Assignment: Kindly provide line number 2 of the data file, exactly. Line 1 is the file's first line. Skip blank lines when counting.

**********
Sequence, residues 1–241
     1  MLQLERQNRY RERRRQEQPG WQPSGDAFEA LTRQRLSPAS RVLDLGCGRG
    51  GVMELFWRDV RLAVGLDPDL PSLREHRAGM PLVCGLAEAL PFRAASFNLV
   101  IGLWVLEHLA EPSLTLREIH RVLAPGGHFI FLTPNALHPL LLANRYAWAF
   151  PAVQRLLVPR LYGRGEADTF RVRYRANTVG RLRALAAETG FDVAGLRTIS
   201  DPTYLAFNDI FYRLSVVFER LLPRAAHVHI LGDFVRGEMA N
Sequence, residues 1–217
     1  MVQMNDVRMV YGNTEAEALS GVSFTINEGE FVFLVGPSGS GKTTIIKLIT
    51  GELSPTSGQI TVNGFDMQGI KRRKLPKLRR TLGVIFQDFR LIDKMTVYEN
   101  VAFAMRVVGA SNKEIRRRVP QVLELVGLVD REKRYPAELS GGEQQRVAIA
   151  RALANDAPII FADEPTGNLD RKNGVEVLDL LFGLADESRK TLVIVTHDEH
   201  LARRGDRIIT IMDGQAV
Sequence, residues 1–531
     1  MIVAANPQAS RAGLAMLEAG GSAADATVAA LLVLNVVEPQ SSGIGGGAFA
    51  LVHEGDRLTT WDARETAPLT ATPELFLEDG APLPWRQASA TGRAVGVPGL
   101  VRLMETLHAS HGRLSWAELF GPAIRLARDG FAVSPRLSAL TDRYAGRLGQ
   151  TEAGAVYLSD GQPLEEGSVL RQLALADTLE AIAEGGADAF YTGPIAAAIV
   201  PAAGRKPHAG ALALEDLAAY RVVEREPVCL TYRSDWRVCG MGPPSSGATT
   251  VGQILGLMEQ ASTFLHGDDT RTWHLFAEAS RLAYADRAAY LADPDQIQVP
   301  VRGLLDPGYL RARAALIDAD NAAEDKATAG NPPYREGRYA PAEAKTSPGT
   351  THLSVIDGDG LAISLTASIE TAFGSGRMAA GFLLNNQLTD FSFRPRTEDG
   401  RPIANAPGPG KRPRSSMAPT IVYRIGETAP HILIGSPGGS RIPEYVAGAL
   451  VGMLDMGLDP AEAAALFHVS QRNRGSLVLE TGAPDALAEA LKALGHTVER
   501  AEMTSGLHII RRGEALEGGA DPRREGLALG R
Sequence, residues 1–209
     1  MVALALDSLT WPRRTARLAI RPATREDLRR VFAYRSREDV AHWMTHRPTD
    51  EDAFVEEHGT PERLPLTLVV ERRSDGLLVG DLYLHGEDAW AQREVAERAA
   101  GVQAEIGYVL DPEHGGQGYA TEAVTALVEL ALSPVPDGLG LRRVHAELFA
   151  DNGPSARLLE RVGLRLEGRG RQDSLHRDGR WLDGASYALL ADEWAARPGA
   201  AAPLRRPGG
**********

     1  MLQLERQNRY RERRRQEQPG WQPSGDAFEA LTRQRLSPAS RVLDLGCGRG